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The Black Torment (1964)

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Ratings: 5.8/10 from 252 users  
Reviews: 9 user | 23 critic

A lord returns to his manor with his new wife, to hear rumors that he had already secretly returned and had committed several murders. Has he lost his mind, or is something dark afoot ?

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Cast overview, first billed only:
Heather Sears ...
Lady Elizabeth Fordyke
John Turner ...
Sir Richard Fordyke
Ann Lynn ...
Peter Arne ...
Norman Bird ...
Raymond Huntley ...
Colonel John Wentworth
Annette Whiteley ...
Francis De Wolff ...
Black John (as Francis de Wolff)
Joseph Tomelty ...
Sir Giles Fordyke
Ostler - Regis
Roger Croucher ...
Apprentice - Brian
Charles Houston ...
Derek Newark ...
Coachman - Tom
Kathy McDonald ...
Kate (as Kathy MacDonald)
Jack Taylor ...


A lord returns to his manor with his new wife, to hear rumors that he had already secretly returned and had committed several murders. Has he lost his mind, or is something dark afoot ? Written by Niz

Plot Summary | Add Synopsis


A Creature From the Grave Bears Witness to Murder See more »


Horror | Mystery


See all certifications »




Release Date:

1 March 1965 (Denmark)  »

Also Known As:

The Black Torment  »

Company Credits

Show detailed on  »

Technical Specs


Sound Mix:



Aspect Ratio:

1.85 : 1
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Did You Know?


The last film of Joseph Tomelty. See more »

Frequently Asked Questions

See more (Spoiler Alert!) »

User Reviews

Good Gothic sixties horror
30 May 2006 | by (Beverley Hills, England) – See all my reviews

The only film I'd seen from director Robert Hartford-Davis prior to seeing this sixties flick was the lamentable 'Incense for the Damned', so as you can imagine; I didn't go into The Black Torment with the highest of hopes. While this film is hardly a great horror masterpiece, or even one of the best British horrors of the sixties; it's certainly a good film, and a million times better than Incense for the Damned. The film focuses more on its atmosphere, and Hartford-Davis ensures that the themes of murder and insanity are always bubbling on the surface of the movie. The film gets off to a very slow start, and I wasn't too impressed with it once the first half hour had elapsed. Luckily, things improve later on, and the first half of the movie merely sets up the basics of the story. We follow Sir Richard Fordyce upon his return home to his eerie mansion along with his new wife, Lady Elizabeth. His first wife killed herself at her home, and the memory still haunts the lord of the manor. Furthermore, his servants believe that he has been present at the mansion prior to his return...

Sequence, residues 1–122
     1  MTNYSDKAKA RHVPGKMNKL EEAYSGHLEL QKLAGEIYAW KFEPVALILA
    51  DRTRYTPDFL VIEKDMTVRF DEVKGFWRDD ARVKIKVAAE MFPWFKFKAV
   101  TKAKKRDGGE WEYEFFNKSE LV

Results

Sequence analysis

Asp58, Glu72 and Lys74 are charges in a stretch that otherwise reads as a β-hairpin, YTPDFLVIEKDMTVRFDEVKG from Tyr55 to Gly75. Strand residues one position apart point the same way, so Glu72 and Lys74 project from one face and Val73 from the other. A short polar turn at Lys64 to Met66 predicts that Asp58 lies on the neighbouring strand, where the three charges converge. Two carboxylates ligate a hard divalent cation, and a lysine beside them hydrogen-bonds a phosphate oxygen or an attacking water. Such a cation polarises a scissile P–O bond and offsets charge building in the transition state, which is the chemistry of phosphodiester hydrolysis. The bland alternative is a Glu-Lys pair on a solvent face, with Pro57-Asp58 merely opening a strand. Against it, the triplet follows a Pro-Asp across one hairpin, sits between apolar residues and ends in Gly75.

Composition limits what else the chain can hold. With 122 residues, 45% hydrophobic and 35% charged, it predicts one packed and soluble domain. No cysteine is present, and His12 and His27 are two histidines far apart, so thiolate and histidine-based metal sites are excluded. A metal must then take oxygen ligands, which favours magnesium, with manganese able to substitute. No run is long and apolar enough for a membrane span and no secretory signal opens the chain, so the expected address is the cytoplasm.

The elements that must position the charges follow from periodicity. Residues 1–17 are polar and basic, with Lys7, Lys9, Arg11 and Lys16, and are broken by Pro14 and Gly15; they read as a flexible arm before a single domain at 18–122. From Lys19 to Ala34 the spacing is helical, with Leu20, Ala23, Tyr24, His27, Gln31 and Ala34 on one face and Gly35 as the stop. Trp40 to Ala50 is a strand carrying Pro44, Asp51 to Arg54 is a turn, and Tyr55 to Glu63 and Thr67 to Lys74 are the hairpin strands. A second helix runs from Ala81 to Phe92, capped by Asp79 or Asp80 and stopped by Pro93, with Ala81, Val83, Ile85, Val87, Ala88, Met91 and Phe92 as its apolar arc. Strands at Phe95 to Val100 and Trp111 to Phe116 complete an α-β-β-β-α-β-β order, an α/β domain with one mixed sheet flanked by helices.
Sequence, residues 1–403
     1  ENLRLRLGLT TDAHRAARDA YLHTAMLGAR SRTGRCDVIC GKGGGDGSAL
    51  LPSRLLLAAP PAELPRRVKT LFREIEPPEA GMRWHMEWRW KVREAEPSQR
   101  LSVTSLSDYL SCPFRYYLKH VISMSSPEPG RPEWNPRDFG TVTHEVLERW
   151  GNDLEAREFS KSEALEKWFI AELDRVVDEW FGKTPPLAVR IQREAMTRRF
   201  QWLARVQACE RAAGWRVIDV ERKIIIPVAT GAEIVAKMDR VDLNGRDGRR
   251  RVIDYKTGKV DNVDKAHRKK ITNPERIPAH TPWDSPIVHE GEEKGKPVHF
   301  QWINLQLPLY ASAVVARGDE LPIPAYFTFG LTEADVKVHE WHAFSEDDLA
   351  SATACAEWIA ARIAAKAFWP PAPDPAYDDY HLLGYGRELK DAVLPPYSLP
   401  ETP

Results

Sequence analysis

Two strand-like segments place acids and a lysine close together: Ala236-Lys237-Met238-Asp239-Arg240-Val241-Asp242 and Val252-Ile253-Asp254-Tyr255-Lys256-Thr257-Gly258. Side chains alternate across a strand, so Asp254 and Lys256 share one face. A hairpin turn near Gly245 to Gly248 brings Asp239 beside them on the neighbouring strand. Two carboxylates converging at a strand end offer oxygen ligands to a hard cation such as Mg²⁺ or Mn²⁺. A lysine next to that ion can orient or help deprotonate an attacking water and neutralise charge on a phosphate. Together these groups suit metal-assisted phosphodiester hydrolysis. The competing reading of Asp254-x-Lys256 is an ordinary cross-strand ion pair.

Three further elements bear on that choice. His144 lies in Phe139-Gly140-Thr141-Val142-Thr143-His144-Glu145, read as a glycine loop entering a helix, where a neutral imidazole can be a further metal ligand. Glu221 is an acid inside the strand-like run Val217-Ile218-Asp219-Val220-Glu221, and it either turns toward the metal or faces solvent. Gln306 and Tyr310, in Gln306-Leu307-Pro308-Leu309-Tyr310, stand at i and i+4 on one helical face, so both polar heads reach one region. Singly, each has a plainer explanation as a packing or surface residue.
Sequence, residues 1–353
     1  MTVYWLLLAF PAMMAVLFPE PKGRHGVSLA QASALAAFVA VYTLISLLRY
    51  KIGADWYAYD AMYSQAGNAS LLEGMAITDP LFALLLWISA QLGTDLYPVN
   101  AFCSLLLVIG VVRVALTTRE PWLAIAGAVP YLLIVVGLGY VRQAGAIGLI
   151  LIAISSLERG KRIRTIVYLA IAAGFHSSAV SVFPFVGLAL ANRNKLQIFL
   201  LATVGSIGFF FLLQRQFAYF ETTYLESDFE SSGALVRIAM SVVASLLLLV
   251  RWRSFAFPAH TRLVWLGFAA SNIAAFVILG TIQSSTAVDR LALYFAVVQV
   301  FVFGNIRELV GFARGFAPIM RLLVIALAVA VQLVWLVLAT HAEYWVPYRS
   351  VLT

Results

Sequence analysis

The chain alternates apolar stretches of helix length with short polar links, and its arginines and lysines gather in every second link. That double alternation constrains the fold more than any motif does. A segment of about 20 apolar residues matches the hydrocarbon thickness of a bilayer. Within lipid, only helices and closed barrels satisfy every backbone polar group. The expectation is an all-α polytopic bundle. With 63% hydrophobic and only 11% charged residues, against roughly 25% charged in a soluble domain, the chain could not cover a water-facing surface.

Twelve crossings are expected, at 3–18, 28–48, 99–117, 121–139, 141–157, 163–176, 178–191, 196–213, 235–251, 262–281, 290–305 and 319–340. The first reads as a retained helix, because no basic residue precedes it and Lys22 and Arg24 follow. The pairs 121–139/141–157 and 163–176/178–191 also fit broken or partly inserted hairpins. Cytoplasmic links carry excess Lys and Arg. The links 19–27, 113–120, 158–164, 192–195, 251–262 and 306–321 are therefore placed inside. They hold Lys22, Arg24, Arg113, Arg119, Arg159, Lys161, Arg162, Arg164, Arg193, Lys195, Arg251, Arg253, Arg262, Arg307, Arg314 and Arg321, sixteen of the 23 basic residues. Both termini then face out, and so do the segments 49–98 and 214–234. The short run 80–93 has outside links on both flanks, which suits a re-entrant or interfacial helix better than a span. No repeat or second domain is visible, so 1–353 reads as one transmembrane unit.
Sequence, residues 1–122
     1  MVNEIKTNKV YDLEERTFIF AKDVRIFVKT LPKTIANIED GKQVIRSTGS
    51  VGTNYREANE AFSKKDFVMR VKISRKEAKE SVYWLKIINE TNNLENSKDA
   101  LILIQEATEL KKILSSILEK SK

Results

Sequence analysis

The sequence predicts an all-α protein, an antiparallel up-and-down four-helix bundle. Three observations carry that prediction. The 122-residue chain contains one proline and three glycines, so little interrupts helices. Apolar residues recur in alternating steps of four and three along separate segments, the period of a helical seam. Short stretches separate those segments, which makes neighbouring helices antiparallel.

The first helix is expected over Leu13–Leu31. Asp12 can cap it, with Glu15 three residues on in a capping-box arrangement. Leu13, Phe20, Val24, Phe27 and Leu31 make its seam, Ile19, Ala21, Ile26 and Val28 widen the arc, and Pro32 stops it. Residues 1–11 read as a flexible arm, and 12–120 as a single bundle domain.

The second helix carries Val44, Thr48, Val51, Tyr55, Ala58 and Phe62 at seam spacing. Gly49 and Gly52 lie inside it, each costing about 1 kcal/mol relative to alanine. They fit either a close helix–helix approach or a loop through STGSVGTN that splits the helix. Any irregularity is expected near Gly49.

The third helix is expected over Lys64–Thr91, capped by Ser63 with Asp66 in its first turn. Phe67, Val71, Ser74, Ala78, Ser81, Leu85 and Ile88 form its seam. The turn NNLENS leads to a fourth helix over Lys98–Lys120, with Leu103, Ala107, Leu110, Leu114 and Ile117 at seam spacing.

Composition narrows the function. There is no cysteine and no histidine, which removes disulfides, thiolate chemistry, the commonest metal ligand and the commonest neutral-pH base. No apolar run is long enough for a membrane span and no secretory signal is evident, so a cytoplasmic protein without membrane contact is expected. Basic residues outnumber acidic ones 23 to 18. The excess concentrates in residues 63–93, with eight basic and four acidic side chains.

Huge mansion houses are a tried and tested location for horror, and the one in this film works well considering the story. The film is all about atmosphere, and the director does a good job of racking up the tension in an effort to ensure that the endings works as it should. The characters are nothing to write home about, and the script doesn't do a very good job of balancing them with the plot. The mystery comes about through several small threads, and although the climax is easy to guess; it's fun getting there. The film benefits from several well worked set pieces, many of which involve the ghost of Sir Richard's first wife. The Gothic themes provide the film with a dark horror atmosphere and are sure to appeal to fans of gloomy horror. The acting is, like the characters, rather drab; and the unknown British cast don't do much to grab your attention. It's clear that Hartford-Davis wanted the film to be more like Roger Corman's The Fall of the House of Usher, as it features ideas such as a long line of family members, and also sees a scene set in a portrait gallery, much like the Vincent Price classic. Overall, it has to be said that The Black Torment is slightly disappointing; but fans of sixties Gothic are likely to find something to like here.

5 of 7 people found this review helpful.  Was this review helpful to you?

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